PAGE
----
We review the existing measures of uncertainty (entropy) for Atanassov's intuitionistic fuzzy sets (AIFSs). We demonstrate that the existing measures of uncertainty for AIFS cannot capture all facets of uncertainty associated with an AIFS. We point out and justify that there are at least two facets of uncertainty of an AIFS, one of which is related to fuzziness while the other is related to lack of knowledge or non-specificity. For each facet of uncertainty, we propose a separate set of axioms. Then for each of fuzziness and non-specificity we propose a generating family (class) of measures. Each family is illustrated with several examples. In this context we prove several interesting results about the measures of uncertainty. We prove some results that help us to construct new measures of uncertainty of both kinds. © 2012 Elsevier Inc. All rights reserved.


Datta R.,Narula Institute of Technology
Lecture Notes in Electrical Engineering | Year: 2015

The Peak to Average Power Ratio (PAPR) plays an important role in Orthogonal Frequency Division Multiplexing (OFDM) in communication systems, especially in wireless cellular systems. This article illustrates the effectiveness of the CCDF curve to study the signal performance and effect of PAPR in orthogonal frequency division multiplexing. I performed some analysis of signal on power level basis and found that PAPR is an effective analysis tool to detect noise in signal. © Springer India 2015.


Sarkar I.,Narula Institute of Technology
Lecture Notes in Electrical Engineering | Year: 2015

The astacins, a family of zinc-dependent endopeptidases have been widely detected in animal kingdom from humans to bacteria. They play a diverse role in both mature and developmental systems ranging from bone morphogenesis, tissue differentiation, hatching process, digestive function and in different diseases including cancer, inflammation, fibrosis and neurodegenerative diseases. In the absence of complete three-dimensional structure of the proteases, homology modelling has been carried to build at least the protease domain of this class of enzymes so that subsequent docking of substrates/inhibitors in future study will help to explore the differential substrate specificity of the astacins. © Springer India 2015.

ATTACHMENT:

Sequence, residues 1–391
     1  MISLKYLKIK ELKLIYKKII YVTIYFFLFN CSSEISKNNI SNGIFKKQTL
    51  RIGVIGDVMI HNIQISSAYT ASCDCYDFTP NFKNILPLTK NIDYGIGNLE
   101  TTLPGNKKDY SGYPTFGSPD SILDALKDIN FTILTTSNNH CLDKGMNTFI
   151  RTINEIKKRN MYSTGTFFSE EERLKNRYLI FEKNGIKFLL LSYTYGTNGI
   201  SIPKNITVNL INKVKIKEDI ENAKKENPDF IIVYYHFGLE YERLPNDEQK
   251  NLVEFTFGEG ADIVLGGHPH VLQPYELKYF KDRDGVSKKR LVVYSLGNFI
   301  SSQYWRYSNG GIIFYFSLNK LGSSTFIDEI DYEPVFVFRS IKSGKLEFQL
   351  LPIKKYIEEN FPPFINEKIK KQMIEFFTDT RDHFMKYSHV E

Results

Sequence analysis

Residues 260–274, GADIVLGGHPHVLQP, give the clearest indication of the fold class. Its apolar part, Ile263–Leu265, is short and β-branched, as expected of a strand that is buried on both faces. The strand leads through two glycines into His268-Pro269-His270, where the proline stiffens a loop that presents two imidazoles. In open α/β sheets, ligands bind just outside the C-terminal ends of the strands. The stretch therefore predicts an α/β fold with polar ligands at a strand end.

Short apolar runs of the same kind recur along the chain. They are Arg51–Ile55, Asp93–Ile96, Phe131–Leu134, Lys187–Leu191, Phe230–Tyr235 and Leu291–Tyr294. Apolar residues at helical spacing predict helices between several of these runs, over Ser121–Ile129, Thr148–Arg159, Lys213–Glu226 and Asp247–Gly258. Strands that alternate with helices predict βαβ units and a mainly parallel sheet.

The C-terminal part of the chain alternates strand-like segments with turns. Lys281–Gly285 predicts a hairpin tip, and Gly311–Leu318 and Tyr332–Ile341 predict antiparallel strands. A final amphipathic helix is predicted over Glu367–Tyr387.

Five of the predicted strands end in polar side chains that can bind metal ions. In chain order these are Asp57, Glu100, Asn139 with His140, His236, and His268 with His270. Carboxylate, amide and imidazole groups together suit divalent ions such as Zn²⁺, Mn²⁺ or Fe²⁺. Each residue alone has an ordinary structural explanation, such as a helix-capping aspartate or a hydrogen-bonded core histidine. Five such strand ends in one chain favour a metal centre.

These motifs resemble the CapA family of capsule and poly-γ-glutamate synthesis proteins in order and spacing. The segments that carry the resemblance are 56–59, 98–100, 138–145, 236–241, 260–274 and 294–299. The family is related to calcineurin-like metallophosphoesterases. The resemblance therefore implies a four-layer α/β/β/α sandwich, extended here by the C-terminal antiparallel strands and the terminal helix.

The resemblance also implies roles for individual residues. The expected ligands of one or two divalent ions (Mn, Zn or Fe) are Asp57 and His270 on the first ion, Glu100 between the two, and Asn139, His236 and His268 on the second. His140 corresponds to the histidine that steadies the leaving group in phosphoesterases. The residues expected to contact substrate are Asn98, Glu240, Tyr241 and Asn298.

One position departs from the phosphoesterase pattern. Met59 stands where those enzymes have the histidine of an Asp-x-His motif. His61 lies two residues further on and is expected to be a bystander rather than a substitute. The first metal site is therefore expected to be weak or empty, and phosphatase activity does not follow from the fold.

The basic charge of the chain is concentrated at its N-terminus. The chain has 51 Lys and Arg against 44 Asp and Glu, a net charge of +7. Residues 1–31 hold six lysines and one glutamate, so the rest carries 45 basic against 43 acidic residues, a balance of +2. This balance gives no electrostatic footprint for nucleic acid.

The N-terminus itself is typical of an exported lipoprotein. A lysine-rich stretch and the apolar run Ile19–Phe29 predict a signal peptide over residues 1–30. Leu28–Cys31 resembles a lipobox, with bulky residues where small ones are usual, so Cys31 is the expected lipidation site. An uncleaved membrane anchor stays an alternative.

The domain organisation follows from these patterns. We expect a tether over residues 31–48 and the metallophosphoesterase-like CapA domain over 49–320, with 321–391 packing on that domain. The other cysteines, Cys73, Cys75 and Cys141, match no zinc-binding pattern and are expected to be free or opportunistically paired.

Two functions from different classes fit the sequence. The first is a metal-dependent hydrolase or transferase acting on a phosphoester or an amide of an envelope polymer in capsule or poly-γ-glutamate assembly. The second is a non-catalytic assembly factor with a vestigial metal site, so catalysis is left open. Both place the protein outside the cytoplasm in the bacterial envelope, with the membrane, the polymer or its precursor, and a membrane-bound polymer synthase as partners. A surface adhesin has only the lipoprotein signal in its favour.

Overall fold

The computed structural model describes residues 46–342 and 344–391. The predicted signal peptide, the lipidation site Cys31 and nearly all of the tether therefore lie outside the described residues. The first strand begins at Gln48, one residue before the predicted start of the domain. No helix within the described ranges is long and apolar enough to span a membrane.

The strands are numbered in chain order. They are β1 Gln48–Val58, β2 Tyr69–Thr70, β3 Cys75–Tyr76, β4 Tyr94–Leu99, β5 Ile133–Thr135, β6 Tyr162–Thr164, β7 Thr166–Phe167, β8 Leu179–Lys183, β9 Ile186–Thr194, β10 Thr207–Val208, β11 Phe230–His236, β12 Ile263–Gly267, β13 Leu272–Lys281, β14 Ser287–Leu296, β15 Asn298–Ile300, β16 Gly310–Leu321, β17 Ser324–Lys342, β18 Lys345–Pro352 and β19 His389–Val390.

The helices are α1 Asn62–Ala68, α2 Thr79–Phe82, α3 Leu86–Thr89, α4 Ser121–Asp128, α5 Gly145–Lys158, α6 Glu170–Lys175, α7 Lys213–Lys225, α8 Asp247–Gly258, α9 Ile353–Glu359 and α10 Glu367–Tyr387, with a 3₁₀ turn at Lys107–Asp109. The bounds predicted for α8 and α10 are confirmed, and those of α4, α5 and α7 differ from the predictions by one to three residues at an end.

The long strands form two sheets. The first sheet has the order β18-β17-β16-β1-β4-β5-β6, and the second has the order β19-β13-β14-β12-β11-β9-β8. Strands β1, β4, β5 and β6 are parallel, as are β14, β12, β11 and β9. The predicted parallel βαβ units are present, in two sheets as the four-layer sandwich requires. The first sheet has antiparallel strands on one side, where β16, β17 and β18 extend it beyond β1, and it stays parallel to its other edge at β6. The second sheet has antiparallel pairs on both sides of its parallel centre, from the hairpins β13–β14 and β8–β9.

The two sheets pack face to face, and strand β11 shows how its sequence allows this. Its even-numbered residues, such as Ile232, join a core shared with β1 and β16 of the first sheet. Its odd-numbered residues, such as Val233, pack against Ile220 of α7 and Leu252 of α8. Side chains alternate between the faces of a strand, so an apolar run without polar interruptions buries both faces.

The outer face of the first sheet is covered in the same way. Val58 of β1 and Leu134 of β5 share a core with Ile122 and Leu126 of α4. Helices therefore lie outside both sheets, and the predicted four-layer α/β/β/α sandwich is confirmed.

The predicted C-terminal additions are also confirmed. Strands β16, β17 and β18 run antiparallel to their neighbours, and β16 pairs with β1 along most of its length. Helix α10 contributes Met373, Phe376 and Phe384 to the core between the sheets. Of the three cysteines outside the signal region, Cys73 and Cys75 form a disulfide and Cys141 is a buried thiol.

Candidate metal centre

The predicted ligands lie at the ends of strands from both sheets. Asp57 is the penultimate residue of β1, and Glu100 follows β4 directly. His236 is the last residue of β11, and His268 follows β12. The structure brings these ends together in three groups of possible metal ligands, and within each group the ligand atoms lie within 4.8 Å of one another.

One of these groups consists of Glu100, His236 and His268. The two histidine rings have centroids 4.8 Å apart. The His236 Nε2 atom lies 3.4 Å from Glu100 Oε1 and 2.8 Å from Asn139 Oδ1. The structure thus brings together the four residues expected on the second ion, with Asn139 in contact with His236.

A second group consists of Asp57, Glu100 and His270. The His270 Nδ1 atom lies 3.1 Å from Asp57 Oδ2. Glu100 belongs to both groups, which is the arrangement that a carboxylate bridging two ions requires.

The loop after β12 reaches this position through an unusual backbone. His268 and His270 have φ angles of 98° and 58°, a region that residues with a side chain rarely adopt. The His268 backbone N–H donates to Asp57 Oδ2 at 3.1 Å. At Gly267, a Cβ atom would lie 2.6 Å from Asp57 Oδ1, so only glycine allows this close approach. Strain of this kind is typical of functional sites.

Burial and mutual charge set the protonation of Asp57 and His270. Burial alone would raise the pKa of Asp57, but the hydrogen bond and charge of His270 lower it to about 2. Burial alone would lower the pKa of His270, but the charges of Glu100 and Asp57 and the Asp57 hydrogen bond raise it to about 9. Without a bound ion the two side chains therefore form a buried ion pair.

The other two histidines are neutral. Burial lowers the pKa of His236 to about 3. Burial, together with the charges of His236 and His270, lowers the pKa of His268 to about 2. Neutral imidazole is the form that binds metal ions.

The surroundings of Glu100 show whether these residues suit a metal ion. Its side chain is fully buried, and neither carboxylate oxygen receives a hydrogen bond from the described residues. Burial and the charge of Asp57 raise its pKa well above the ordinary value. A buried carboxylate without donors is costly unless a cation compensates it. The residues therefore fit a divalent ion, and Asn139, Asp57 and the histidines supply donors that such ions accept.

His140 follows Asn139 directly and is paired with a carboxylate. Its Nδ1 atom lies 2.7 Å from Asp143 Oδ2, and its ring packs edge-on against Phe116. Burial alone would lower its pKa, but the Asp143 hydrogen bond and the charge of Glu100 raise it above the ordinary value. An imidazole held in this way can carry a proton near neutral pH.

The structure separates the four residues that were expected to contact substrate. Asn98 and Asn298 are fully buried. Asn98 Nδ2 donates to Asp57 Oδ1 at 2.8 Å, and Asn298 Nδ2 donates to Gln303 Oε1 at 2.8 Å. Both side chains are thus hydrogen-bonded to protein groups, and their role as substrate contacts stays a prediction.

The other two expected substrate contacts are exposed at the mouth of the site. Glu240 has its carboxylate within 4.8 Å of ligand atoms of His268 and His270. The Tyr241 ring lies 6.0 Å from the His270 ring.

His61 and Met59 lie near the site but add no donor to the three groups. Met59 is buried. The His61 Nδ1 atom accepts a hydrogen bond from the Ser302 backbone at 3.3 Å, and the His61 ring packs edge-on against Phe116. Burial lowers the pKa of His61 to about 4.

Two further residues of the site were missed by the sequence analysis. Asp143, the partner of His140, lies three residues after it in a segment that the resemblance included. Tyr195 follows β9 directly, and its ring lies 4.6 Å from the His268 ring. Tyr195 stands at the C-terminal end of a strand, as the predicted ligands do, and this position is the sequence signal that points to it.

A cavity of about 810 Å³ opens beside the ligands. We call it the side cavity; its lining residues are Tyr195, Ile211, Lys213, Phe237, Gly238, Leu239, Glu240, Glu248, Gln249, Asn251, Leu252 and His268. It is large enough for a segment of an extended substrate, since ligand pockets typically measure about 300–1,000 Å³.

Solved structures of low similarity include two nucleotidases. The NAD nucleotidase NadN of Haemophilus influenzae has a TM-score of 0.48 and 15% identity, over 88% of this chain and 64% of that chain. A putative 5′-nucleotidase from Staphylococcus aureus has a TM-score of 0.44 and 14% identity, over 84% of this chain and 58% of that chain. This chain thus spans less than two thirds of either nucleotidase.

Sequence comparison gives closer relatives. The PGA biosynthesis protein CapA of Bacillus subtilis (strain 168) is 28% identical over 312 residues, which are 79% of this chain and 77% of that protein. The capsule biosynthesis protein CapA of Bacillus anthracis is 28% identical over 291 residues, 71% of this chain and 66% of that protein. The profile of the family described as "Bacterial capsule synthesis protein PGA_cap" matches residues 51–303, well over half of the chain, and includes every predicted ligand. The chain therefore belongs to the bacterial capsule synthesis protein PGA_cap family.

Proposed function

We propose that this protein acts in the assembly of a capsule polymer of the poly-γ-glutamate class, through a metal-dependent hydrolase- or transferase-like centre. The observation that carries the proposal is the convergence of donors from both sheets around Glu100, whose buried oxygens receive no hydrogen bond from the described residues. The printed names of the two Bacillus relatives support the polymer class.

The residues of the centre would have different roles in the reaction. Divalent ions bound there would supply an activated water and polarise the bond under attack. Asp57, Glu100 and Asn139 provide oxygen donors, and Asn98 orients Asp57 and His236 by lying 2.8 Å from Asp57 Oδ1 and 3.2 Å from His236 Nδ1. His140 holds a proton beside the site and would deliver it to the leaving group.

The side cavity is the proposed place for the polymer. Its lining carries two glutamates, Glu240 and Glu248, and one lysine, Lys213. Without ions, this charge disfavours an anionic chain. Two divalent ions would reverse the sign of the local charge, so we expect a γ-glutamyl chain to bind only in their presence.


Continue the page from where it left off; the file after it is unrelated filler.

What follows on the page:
Mukhopadhyay T.K.,Narula Institute of Technology
Journal of Physics: Conference Series | Year: 2015

Precise non-relativistic energy eigenvalues of slowly moving hydrogen-like ions under quantum plasma environment have been estimated by using Ritz variational mathod. Present study shows that the energy levels gradually move towards the continuum as plasma electron density increases while level crossing phenomenon has been observed with the variation of ion velocity. © Published under licence by IOP Publishing Ltd.


Dutta D.,Narula Institute of Technology
Journal of Sol-Gel Science and Technology | Year: 2015

Abstract: In the present work, a systematic basic research has been performed for finding out the effect of various process parameters viz. molar ratio of zinc sulfate and sodium hydroxide, reaction time and calcination temperature on size and morphology of ZnO nanoparticles synthesized using zinc sulfate as a precursor by sol–gel method. Taguchi design method, ANOVA and regression analysis were used to find out the effect of various process parameters on the response in terms of narrow particle size distribution and crystal size. Characterization was done to find out the response such as particle size distribution and crystal size by using TEM and XRD. Results revealed molar ratio of 1:2, and calcination temperature of 700 °C could significantly form uniform-sized spherical ZnO nanoparticles (85 nm) with narrow size distribution. However, significant increase in crystal size of ZnO nanoparticles was observed with increase in calcination temperature from 300 to 700 °C. This may be primarily due to governing of higher diffusion rate at high temperature which resulted in enhanced growth rate of ZnO crystals. Graphical Abstract: [Figure not available: see fulltext.] © 2015 Springer Science+Business Media New York